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Thread: Comparing the cost of living from 2000 to 2020: Inflation is a lot higher than you think

  1. #1

    Comparing the cost of living from 2000 to 2020: Inflation is a lot higher than you think

    Comparing the cost of living from 2000 to 2020: Inflation is a lot higher than you think and your purchasing power is declining.

    The cost of living in the US is getting more expensive and the way our banking system is setup, we are primed for continued inflation. Our major purchases are financed with debt and low interest rates so the true cost of many things in our lives are understated by the “monthly payment” mentality that many people live under. Yet there is a major catch since we are addicted to low interest rates and we really can’t go much lower so that silver bullet has now been maxed out. This impacts college tuition, housing prices, automobile costs, and practically all items that we utilize and purchase in our lives. Inflation catches up on you in a slow and sneaky way. Little by little you start to realize that your money isn’t going as far as it once did. We typically see reports showing that inflation is moving along nicely through the Consumer Price Index (CPI) but in reality, things are very much different. Let us compare the cost of living between 2000 and 2020.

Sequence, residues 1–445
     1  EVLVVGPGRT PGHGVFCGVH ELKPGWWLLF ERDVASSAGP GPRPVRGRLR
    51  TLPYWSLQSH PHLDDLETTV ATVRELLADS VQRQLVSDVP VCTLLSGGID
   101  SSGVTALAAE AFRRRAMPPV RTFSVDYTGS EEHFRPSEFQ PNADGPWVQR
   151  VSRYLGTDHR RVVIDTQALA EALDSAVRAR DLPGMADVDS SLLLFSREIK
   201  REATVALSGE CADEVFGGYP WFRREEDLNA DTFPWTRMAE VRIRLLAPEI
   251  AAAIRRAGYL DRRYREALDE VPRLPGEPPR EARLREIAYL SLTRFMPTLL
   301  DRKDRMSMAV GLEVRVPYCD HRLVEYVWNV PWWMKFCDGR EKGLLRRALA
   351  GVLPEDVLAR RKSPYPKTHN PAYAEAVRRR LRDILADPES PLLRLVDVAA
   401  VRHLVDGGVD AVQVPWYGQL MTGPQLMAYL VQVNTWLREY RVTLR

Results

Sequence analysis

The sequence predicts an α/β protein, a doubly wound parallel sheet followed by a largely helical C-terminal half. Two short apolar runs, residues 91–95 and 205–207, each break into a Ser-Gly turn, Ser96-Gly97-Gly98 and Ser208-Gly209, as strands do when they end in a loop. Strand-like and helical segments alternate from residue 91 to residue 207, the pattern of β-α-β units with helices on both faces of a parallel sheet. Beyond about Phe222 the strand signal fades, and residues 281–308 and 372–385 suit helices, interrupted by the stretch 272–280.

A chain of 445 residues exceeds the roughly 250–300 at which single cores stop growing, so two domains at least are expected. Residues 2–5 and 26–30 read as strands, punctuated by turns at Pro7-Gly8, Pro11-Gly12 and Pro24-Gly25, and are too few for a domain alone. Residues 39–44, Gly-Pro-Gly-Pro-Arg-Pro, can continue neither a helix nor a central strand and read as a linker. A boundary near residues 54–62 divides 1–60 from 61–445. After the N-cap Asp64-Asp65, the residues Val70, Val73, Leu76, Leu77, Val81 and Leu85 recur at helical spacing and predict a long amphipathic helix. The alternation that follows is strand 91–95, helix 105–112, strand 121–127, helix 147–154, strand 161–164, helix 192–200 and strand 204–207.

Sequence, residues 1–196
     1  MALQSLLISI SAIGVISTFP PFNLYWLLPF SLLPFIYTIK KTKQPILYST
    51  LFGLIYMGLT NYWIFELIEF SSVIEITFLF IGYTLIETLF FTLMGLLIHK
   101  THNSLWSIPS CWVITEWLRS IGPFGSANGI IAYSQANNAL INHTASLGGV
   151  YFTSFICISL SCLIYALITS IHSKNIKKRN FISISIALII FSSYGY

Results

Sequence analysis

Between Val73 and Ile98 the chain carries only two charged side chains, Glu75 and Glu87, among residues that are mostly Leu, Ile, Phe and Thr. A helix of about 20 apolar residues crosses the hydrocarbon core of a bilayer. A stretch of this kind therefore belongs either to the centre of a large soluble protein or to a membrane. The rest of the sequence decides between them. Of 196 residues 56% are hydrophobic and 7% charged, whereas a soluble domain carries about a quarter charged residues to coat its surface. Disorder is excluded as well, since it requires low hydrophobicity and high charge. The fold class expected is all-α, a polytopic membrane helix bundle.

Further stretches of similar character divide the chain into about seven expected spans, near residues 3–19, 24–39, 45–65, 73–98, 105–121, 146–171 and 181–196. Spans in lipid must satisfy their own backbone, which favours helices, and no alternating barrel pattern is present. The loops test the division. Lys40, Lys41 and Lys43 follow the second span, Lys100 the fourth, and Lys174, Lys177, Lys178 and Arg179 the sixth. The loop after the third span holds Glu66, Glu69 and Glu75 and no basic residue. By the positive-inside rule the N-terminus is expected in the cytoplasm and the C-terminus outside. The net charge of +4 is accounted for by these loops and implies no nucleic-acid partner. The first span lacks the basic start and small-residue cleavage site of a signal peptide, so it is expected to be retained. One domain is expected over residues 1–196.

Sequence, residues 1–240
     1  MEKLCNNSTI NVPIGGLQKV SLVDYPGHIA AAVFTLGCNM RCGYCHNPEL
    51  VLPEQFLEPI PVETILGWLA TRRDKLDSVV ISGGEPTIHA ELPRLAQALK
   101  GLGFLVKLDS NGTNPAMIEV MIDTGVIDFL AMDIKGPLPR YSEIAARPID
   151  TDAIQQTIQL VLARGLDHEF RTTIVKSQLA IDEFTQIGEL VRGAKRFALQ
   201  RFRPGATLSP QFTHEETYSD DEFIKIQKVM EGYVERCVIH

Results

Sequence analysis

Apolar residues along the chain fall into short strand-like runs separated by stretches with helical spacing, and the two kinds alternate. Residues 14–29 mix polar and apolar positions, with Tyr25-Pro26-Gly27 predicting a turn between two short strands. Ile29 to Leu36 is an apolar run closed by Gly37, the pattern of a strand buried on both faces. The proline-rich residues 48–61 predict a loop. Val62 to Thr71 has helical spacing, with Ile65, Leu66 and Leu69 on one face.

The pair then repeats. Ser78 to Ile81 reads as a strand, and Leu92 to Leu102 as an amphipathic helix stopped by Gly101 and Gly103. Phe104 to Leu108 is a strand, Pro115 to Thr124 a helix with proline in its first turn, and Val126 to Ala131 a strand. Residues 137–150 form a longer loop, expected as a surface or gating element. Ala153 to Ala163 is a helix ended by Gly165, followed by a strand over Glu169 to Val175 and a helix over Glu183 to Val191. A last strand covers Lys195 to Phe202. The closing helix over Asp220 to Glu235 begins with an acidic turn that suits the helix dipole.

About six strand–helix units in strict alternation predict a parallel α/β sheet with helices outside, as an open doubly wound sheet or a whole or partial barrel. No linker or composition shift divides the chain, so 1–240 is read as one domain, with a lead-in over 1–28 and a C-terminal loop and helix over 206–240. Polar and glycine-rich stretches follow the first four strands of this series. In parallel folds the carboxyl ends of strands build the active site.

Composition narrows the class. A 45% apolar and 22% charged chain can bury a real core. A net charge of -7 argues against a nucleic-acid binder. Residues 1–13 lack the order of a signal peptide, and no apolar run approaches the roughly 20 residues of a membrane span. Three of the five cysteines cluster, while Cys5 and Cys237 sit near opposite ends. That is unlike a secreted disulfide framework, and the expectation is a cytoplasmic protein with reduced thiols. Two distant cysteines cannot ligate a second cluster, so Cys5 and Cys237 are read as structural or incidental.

The impact of inflation

    Take a look at the following chart:



    The only time we have faced broad drops in prices were during the Great Depression and the Great Recession. The system is designed to keep prices rising to avoid the hoarding effect. Why would you buy a car today if you knew it would be cheaper tomorrow? Overall the system is designed this way to keep people spending – but this has hit a wall and utilizing debt is now a cornerstone to our economy.

    The above chart shows inflation over time. From the early 1990s to today you would think that things are moving along nicely and controlled versus the wild days of the 1970s and 1980s. But the reality is different when you start to look at the items individually.

    We should start off by looking at US median household income as a baseline:

    2000: $42,148

    2020: $63,179

    So over 20 years household income went up by 49%. But as you know, you have to look at what your money can buy and this is where inflation eats away at purchasing power. Let us start at looking at some key expenses.



    The median sale price of a new US home in Q1 of 2000 was $165,300. As of Q4 2019 it was $324,500. That is a 96% increase over this period. So the cost of buying a new house went up at nearly twice the rate relative to income.

    College

    Let us now look at college tuition. According to NCES data the typical tuition at a public college was $7,586 in 2000-01. The latest data on the report is $17,237. This is a 127% increase and the latest data in the report is from 2015-16. It is actually higher. Just look at one example here:



    The California State University system is massive with 23 campuses across the state enrolling nearly 500,000 students. In 2000, tuition alone was $1,428. Tuition alone today is $5,742. This is a 302% increase!

    These are big ticket items but what about with something as simple as a Big Mac?



    Cost of a Big Mac in 2000 was $2.50. Today it is close to $5.67. That is a 126% increase. So even with something as simple as a Big Mac, you see that wages are simply not keeping up.